Extreme heat exchanger enabled by genetic algorithm, metal 3D printing

September 13, 2021 // By Rich Pell
Extreme heat exchanger enabled by genetic algorithm, metal 3D printing
Researchers at the University of Illinois Urbana-Champaign say they are using topology optimization and metal 3D printing to design ultra-compact, high-power heat exchangers.

Heat exchangers transfer thermal energy from one medium to another, and are used in both cooling and heating processes. As a result, they are used in a wide variety of applications and industries including energy, water, manufacturing, transportation, construction, electronic, chemical, petrochemical, agriculture and aerospace.

For decades, heat exchanger designs have remained relatively unchanged. However, say the researchers, recent advancements in 3D printing allow the production of three-dimensional exchanger designs previously thought impossible.

These new and innovative designs operate significantly more effectively and efficiently but require specific software tools and design methods to manufacture the high-performance devices.

"We developed shape optimization software to design a high-performance heat exchanger," says William King, professor of Mechanical Science and Engineering at The Grainger College of Engineering and co-study leader. "The software allows us to identity 3D designs that are significantly different and better than conventional designs."

The researchers started by studying a type of exchanger known as a "tube-in-tube" heat exchanger - commonly used in drinking water and building energy systems - where one tube is nested inside another tube. Using a combination of the shape optimization software using a genetic algorithm design and additive manufacturing, the researchers designed fins (only made possible using metal 3D printing) internal to the tubes.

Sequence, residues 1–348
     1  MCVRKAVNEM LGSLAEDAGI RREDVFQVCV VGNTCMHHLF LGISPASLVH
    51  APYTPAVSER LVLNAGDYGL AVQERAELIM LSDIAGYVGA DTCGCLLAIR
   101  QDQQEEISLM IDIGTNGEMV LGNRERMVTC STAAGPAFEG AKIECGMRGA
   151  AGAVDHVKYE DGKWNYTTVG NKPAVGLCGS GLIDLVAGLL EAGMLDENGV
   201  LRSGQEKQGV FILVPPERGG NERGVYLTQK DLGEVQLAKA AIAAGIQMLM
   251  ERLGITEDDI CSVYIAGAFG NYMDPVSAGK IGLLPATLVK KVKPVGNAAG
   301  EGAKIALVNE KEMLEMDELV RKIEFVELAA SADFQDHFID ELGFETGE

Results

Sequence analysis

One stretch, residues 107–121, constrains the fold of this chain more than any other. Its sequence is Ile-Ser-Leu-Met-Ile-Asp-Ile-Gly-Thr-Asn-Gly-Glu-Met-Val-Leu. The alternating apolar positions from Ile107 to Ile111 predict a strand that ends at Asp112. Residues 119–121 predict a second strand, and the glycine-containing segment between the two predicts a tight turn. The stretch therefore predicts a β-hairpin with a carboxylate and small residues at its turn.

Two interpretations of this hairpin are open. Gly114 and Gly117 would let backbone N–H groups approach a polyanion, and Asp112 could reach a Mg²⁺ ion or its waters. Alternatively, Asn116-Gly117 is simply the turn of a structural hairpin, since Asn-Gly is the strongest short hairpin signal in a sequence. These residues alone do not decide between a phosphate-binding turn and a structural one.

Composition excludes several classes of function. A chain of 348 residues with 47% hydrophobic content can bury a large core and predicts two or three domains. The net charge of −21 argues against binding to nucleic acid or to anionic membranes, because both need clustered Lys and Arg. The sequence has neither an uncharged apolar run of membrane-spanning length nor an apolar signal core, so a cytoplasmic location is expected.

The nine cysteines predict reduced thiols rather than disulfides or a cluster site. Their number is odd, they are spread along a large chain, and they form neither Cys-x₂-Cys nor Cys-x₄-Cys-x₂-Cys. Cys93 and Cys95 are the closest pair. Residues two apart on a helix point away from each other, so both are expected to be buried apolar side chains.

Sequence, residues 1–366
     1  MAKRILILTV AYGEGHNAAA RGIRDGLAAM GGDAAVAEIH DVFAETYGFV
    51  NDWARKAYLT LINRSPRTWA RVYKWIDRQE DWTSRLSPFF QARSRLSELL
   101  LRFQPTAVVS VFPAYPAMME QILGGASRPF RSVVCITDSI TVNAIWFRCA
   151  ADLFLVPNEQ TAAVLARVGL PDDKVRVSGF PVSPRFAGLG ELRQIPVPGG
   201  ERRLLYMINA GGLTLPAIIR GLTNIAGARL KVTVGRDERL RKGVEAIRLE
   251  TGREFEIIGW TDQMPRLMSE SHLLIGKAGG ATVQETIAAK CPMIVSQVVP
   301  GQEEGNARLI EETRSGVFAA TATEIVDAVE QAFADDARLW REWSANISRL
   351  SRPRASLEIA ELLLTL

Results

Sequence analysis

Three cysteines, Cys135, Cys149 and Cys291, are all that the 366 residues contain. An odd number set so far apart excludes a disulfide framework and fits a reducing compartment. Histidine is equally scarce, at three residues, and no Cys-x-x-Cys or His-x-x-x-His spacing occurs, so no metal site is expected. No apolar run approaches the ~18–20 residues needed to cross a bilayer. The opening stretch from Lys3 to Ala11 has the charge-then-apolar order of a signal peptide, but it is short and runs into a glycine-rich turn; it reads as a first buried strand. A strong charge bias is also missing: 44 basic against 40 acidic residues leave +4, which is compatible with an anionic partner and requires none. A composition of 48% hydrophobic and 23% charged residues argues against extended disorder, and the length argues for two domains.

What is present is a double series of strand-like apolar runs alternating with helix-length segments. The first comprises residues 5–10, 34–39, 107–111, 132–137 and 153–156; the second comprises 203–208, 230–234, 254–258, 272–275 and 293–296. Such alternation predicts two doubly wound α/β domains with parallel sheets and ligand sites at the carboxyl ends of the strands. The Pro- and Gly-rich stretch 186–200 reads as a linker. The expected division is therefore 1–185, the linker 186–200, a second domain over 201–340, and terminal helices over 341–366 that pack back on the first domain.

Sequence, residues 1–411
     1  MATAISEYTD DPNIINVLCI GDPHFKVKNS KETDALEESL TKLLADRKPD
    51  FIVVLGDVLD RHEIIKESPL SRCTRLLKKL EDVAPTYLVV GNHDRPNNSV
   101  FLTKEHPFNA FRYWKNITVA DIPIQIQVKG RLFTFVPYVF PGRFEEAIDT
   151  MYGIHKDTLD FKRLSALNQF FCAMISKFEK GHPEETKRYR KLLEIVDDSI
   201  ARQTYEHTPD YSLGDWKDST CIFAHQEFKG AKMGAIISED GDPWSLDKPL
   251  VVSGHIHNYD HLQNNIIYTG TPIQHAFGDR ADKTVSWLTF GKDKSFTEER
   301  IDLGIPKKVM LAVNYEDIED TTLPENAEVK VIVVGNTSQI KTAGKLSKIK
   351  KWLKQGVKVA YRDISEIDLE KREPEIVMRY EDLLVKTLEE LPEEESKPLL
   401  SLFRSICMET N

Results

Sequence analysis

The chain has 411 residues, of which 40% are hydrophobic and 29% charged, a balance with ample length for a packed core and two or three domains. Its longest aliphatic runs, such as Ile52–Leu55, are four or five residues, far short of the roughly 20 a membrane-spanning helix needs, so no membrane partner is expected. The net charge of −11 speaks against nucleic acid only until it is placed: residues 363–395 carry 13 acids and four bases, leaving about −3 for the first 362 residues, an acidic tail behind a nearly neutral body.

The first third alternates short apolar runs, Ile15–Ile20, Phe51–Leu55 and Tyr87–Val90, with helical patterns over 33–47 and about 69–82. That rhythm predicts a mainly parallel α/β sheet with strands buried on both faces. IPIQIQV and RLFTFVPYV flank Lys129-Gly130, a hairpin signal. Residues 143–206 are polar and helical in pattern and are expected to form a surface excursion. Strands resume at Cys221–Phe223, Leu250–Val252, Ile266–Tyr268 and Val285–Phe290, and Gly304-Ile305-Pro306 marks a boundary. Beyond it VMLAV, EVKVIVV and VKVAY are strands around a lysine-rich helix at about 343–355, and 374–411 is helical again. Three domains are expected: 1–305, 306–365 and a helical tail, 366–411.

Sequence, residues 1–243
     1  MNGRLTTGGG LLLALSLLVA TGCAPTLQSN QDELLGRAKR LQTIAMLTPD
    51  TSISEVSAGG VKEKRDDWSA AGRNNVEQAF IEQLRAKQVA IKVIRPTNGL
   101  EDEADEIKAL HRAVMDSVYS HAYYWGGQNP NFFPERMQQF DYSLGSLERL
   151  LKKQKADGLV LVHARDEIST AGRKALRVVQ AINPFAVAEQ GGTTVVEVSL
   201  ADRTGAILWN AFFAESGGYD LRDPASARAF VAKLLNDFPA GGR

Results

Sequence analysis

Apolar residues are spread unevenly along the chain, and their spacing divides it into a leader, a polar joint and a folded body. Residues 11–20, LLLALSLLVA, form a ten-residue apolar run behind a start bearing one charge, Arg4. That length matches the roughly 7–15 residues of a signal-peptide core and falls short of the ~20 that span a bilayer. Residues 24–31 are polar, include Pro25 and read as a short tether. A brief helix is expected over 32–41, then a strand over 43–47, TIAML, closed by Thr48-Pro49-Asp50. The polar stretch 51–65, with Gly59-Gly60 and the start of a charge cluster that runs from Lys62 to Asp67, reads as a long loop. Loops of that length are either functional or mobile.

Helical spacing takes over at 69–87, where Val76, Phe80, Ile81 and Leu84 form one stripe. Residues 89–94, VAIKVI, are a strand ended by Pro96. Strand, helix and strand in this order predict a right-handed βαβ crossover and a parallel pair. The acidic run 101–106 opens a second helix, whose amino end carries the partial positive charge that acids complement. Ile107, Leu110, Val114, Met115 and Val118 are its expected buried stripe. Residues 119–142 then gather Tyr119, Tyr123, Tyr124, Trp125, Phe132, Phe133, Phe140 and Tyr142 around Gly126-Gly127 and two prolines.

The researchers demonstrated that their heat exchanger was able to achieve a power density of 26.6 W/cm 3 and specific power of 15.7 kW/kg.

"We designed, fabricated and tested an optimized tube-in-tube heat exchanger," says Nenad Miljkovic, associate professor of Mechanical Science and Engineering and co-study leader. "Our optimized heat exchanger has about 20 times higher volumetric power density than a current state-of-the-art commercial tube-in-tube device."

The optimized device is also said to perform well compared with shell-and-tube and brazed plate heat exchangers that are designed for significantly higher heat transfer. With billions of heat exchangers in use worldwide today, say the researchers, and even more attention placed on a need to


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